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Today, December 6 in history

In this day were born:

1813 — Nikolay Platonovich Ogarev (pictured), poet, essayist, Russian revolutionary.

Born in St. Petersburg. He studied at Moscow University, was one of the organizers of the students ‘ club of political orientation, and in 1834 was exiled to Penza province.

From 1840 to 1846, the years spent abroad, he attended a course of lectures in the University of Berlin. In 1846 he settled in his estate in Penza, where he married N.. Tuckaway.

In 1850 arrested but was soon released. In 1856 Ogarev emigrated to the UK and lived in London. Together with Herzen, who was his close friend, led the Free Russian printing house. Nikolai Platonovich was one of the initiators and co-editor of the weekly newspaper “the Bell”. He developed a socio-economic program of the abolition of serfdom through the organization of peasant revolution and developed a theory of “Russian socialism” put forward by Herzen.

In socialist views Ogarev the important role played by populist tendencies. He participated in the creation of a revolutionary organization “Land and freedom” (1860-1861).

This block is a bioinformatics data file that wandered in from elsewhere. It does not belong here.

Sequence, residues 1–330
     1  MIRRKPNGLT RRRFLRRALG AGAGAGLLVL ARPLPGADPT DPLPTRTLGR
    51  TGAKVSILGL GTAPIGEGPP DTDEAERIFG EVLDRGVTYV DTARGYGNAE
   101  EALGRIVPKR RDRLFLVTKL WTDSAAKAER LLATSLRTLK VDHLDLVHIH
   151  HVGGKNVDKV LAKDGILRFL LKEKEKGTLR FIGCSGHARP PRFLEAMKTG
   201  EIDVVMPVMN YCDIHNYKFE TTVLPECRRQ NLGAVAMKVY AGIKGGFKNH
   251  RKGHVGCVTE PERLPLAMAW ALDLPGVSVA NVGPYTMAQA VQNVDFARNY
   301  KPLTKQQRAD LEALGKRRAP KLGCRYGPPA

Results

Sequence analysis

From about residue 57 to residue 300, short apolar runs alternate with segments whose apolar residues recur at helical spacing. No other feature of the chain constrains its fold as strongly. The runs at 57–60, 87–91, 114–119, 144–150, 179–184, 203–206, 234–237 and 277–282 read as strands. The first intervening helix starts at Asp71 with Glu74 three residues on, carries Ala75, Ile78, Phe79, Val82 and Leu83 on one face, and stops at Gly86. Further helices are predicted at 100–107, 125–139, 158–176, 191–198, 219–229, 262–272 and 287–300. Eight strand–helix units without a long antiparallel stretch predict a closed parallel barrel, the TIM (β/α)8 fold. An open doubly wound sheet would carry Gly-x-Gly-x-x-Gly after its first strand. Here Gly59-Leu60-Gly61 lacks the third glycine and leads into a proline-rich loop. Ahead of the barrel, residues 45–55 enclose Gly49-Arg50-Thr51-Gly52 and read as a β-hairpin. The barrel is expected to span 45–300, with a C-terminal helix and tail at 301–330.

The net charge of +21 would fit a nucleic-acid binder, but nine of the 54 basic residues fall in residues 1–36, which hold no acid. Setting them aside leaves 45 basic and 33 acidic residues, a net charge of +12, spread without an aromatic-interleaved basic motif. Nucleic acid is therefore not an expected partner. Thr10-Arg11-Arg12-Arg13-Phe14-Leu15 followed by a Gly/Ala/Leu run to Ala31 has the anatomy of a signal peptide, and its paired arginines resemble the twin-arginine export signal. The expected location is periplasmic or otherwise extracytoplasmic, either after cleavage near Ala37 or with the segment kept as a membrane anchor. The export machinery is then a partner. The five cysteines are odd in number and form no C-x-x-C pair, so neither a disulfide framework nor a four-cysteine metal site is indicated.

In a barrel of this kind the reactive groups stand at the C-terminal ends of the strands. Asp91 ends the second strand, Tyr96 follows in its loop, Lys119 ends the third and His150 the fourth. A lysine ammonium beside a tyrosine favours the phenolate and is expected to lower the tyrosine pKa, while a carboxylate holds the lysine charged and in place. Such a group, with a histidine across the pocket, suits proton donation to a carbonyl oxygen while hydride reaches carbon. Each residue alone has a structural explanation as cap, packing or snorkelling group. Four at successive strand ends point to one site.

Peru Ogarev owns a number of works of romantic orientation – he is the author of several poems and many poems. His most famous poem is “Humor”. He wrote journalism, promoting the ideas of realism.

In 1865, Ogarev settled in Geneva in connection with the relocation from London Free Russian printing house, and in 1873, returned to London.

Ogarev died (may 31) June 12, 1877, near London, in Greenwich. Now his ashes buried at the Moscow Novodevichy cemetery.

1823 – Friedrich müller, German philologist, orientalist.

Born in Dessau (Germany), the son of the poet Wilhelm müller, the words which Franz Schubert wrote the “Beautiful Miller’s wife” and “Winter journey”. He studied at the University of Leipzig, where he studied classical languages, psychology and anthropology.